Day 12-15: Slipping and Sliding
Day 12: South of Powell Mountain on Blue-blaze Trail (Mile 67)-Dicks Creek Gap (Mile 69.5); 2.5 miles
It rained cats and dogs overnight. The rain was so violent that raindrops splashed mud a few inches up the tent walls. We stayed cuddled in our sleeping bags longer than usual and eventually the rain began to slow. While packing up we managed to stay mostly dry.
The trail didn’t fare so well. The downpour overnight had turned the trail into a sloppy and slippery muddy mess.
We hiked slowly but the shifting muddy trail was aggravating Shutterbug’s knee. One slip in particular caused his knee pain to flare up. It was frustrating.
We made it to Dicks Creek Gap where we had previously planned to resupply quickly. Given Shutterbug’s knee situation, we modified our plans and spent the remainder of the day resting and icing in town.
Day 13: Zero at Blueberry Patch Hostel
Today we hung out at the Blueberry Patch Hostel run by trail angels Gary and Lennie. Gary tended the wood stove in the bunkhouse throughout the day, keeping us warm and cozy. Their little farm was nestled near the mountains, complete with goats. It was quite picturesque.
We picked up several boxes: our resupply food box, some warmer clothing sent from home, and a pair of new shoes for Shutterbug. He’s switching to Hoka One One trail runners, which have almost twice the amount of foam and shock absorption as normal shoes. We met runners on the PCT who swore that these shoes fixed their foot and knee pain. We sure hope they work for Shutterbug too.
We shared the bunkhouse at Blueberry Patch with thru hikers Stan, Dennis, and Jesse. We chatted as we did chores and iced. Shutterbug’s knee felt better after some rest. The pain diminished to a dull ache.
Day 14: Dicks Creek Gap (Mile 69.5)-Whiteoak Stamp (Mile 82); 12.5 miles
After a breakfast of blueberry pancakes, Gary drove us back to the trailhead. Another shuttle full of hikers arrived shortly afterward and we were happy to see Doc, Burrito, and his dog Salsa climb out.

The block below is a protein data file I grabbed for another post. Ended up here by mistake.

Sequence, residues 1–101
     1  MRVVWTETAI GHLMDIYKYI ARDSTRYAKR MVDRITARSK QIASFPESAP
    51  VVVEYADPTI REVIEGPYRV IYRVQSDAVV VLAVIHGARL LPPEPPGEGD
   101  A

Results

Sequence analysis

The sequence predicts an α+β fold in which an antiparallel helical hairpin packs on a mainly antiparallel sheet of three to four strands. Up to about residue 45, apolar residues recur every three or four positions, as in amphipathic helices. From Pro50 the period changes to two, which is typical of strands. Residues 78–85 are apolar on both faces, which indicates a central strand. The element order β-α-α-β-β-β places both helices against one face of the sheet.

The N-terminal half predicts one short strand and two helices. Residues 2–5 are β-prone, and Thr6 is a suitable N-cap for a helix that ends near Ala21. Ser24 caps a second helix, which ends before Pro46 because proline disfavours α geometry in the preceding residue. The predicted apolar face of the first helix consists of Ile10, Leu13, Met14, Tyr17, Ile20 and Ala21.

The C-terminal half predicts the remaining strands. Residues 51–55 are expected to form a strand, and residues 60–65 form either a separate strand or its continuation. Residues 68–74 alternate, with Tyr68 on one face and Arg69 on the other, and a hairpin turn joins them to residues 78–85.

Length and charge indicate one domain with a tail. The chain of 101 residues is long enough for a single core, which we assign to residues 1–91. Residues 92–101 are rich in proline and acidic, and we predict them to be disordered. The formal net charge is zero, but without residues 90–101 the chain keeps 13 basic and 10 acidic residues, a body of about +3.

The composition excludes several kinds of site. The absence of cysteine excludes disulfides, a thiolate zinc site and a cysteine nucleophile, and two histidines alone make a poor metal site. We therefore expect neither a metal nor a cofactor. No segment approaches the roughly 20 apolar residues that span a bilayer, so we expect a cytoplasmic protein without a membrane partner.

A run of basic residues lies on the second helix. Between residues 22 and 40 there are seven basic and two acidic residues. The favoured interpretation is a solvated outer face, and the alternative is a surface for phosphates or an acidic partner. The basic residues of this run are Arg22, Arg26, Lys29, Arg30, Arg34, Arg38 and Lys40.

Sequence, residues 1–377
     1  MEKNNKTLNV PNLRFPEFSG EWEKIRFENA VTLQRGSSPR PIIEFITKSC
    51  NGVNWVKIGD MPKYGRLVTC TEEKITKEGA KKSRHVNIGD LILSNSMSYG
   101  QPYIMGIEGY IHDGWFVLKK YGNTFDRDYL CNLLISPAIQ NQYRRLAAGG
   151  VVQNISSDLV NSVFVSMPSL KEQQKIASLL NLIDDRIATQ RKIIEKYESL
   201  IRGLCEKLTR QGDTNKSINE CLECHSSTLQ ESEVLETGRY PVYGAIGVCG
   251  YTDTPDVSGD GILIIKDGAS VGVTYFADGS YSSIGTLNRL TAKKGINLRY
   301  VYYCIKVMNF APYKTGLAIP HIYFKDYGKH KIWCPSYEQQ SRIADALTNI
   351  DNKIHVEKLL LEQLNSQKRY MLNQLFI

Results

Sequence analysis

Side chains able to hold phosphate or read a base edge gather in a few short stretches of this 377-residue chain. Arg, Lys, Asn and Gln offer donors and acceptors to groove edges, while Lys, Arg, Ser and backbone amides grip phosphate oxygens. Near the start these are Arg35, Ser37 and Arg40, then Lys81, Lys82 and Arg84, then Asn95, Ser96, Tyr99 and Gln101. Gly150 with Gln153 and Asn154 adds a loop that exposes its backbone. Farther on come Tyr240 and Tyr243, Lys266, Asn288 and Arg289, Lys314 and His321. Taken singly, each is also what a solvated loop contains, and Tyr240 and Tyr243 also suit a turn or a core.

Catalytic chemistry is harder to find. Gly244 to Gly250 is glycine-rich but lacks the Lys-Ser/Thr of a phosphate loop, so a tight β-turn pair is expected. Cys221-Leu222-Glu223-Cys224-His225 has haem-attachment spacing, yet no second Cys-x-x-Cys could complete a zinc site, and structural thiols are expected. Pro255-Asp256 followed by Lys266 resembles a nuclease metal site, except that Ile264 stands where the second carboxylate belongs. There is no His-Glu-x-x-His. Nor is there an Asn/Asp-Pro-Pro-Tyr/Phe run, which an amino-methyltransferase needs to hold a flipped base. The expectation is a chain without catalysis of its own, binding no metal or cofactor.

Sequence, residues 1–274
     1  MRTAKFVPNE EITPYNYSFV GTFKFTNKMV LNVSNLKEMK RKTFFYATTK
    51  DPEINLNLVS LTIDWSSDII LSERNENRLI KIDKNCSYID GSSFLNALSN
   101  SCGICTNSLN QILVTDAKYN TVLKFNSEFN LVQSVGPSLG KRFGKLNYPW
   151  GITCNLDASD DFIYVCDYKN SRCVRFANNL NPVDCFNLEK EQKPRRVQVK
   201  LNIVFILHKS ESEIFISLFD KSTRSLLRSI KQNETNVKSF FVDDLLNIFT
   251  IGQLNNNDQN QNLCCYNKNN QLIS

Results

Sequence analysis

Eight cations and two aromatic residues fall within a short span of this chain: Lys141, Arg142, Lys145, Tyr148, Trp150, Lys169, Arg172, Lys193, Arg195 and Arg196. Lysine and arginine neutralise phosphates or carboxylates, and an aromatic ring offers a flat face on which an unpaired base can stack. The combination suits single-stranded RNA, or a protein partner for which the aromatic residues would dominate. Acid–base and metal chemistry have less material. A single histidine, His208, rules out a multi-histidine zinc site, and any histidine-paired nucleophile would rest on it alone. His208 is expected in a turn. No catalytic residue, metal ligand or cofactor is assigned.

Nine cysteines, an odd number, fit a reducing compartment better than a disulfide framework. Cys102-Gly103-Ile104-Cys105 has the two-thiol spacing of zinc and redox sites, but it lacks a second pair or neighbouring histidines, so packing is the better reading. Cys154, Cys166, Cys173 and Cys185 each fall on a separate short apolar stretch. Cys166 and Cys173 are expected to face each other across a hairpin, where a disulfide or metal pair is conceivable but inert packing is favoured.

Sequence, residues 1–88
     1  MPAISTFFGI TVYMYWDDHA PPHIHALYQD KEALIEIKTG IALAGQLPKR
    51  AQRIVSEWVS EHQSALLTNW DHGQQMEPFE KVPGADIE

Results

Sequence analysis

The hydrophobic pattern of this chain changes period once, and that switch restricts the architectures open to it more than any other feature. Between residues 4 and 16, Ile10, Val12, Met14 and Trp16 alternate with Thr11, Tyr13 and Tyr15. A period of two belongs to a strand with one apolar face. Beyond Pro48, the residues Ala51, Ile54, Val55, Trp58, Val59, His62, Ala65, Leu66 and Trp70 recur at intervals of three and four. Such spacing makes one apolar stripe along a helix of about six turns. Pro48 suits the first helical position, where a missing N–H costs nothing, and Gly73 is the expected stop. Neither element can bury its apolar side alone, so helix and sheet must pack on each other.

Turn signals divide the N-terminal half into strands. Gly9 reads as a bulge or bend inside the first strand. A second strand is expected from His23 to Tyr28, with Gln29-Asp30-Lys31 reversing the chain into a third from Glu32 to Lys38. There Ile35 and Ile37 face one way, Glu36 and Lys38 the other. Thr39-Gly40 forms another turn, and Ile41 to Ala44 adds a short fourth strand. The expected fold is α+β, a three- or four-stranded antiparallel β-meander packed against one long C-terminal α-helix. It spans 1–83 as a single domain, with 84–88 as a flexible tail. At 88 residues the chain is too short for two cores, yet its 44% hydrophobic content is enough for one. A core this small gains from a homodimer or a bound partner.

We were off hiking again. Snow covered the ground and more snow fell softly through the branches. In a few miles, we crossed the border from Georgia into North Carolina. Our pet bird Cheep Cheep made a little snowman and celebrated our first state border with us!
After the border we continued to climb and the snow got deeper and deeper. It was beautiful.
The rhododendrons were so heavy with snow and ice that we had to duck under their branches.
We camped in a spot well protected from the wind. The ground was covered in 3 to 6 inches of snow and it was quite cold once we stopped moving.
Day 15: Whiteoak Stamp (Mile 82)- Deep Gap (mile 85.5); 3.5 miles
Once again it was cold, cold, cold. We could hear the wind gusting in the distance but our sheltered campsite remained calm.
When we started walking we realized that the strong wind overnight had created deep snow drifts. Shutterbug walked first and broke the trail.
North Star walked in his footsteps but it was still difficult and slow going because the snow sometimes came up past her knees.
The real issue was the icy sections. Shutterbug’s knee was not happy with the inevitable slipping and sliding that happens on rocky ice-covered trails. Though the snow was beautiful, the return of Shutterbug’s knee pain was a real hit to our morale.
When we reached a US Forest Service road we decided it would be smartest to take more time off to rest Shutterbug’s knee and let the snow melt. A former AT thru hiker named Hometown gave us a lift into Franklin, NC.
North Star’s aunt Cindy lives in North Carolina and has been in touch with us throughout the hike. When she heard about our current situation she enthusiastically offered to be a long term trail angel for us. In the evening she picked us up and brought us back to her home. Since we won’t have the financial strain which usually accompanies a long town rest, our goal is to be extra patient with the healing process. We’ll wait here until Shutterbug’s knee is completely pain free. We still have plenty of time to make it to Maine by fall.